In March, the US and European Union signed a mutual recognition agreement (MRA) to recognize each other’s drug GMP inspections. This is good news for the industry that should see fewer inspections. However, it doesn’t come without some concerns. First, each inspection now has greater consequences as any problem will now be a red flag for multiple agencies. Also, if regulatory agencies share information, what does that mean for information confidentiality? Plus, the EMA retained authority to conduct inspections in “extraordinary circumstances,” but what does that mean, exactly? The FDA has until November to assess regulatory authorities in eight EU countries to trigger the start of the implementation of the agreement. How close are they? The agreement doesn’t mean European GMP regulations are less important — in fact, they are as important as ever. Come hear experts describe the practical implications of this agreement for drug GMP inspections so you’re not caught off guard.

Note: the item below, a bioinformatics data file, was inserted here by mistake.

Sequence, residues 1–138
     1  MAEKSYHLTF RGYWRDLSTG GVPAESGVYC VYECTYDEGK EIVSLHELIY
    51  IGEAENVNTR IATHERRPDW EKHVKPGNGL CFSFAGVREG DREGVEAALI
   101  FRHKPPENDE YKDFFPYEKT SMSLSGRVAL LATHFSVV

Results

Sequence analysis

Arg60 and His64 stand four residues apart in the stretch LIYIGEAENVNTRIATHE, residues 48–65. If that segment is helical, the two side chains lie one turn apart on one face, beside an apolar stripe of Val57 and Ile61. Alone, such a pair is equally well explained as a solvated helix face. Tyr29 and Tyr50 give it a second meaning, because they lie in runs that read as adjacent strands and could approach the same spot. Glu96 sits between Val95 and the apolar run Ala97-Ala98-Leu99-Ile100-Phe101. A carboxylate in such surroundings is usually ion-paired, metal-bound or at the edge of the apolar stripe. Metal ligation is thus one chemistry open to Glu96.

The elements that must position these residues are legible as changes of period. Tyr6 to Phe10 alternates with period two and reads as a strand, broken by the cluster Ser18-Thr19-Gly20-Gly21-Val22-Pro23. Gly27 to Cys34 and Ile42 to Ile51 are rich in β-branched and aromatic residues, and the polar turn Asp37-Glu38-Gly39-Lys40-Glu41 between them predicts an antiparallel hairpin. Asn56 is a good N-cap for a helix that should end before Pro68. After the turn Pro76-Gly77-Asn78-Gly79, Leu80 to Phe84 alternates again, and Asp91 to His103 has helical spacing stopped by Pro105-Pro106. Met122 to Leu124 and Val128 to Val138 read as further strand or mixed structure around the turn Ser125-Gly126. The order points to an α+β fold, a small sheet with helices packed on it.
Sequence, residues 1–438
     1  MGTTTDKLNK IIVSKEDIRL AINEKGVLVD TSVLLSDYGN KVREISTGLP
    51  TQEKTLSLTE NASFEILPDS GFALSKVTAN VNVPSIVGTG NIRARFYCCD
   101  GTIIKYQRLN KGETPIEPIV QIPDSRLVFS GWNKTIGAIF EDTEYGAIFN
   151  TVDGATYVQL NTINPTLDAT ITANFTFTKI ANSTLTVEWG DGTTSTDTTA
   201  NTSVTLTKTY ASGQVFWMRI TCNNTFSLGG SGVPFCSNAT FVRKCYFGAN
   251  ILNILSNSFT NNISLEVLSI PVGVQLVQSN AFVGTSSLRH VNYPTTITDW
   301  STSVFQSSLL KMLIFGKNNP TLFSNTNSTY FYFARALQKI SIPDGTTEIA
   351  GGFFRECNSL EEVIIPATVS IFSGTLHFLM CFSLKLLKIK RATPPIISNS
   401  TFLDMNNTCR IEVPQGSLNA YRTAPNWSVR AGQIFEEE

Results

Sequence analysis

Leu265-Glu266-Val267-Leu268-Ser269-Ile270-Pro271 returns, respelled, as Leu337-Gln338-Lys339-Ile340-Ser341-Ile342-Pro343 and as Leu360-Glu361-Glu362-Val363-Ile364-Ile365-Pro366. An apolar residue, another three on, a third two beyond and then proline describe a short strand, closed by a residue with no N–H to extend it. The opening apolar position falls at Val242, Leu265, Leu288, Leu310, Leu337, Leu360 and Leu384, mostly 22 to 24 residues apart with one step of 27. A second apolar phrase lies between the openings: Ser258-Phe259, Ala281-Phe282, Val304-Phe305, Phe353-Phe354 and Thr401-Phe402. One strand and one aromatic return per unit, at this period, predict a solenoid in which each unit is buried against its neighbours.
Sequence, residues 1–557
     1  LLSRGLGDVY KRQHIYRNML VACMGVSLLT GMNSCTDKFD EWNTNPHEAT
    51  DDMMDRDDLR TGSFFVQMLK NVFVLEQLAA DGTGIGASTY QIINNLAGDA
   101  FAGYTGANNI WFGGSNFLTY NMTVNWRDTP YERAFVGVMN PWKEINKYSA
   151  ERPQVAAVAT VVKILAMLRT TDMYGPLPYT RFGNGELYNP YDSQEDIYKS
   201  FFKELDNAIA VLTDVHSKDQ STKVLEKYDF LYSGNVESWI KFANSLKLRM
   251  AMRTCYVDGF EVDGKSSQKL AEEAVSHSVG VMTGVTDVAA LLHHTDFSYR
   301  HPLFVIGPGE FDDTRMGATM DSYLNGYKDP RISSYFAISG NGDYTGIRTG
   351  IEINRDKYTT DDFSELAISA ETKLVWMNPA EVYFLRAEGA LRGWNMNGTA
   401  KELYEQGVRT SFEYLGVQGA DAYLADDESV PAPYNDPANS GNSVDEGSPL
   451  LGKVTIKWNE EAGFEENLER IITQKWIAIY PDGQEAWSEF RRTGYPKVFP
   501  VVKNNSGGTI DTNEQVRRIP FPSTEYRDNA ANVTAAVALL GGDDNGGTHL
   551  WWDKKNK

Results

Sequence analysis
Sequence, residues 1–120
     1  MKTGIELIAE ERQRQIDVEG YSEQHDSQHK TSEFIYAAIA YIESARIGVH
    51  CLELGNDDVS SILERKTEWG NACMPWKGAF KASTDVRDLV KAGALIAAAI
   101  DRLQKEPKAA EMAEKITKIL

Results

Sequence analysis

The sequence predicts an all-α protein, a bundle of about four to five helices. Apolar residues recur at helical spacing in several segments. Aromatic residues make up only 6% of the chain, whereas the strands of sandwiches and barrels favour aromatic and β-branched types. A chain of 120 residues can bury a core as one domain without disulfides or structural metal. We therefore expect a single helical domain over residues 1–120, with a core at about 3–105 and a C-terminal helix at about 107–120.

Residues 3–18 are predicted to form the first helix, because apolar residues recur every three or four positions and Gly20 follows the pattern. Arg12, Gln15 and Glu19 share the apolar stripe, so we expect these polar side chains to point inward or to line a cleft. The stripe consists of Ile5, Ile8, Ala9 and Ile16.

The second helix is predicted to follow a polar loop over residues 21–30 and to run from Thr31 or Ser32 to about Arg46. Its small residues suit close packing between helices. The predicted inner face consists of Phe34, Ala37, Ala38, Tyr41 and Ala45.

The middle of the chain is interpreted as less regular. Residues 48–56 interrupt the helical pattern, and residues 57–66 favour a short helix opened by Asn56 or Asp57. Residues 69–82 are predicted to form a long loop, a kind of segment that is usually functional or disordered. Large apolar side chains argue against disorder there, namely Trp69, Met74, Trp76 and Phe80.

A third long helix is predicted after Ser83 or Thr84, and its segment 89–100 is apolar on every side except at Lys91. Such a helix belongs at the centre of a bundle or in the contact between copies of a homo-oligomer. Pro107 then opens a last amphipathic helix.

Ellen Morrison, Associate Commissioner, OMPTO, ORA, FDA


12:00 p.m. – 12:45 p.m.

The FDA’s New Approach to Drug Inspections

Last fall, the CDER Office of Compliance began their Concept of Operations program — an initiative undertaken with the Office of Regulatory Affairs to increase efficiency and transparency in GMP drug inspections and regulatory decision-making. The Con-Ops program builds upon FDA’s recent Program Alignment by commodity. CDER also has set a goal of communicating the final inspection classification within 90 days of the end of certain GMP inspection. One year in, come hear how the program is working and how the FDA and the inspected facilities are reacting to the changes.

Cynthia Schnedar, Executive Vice President, Regulatory Compliance, Greenleaf Health


12:45 p.m. – 1:45 p.m.

Lunch


1:45 p.m. – 3:15 p.m.

Panel Discussion: Global Data Integrity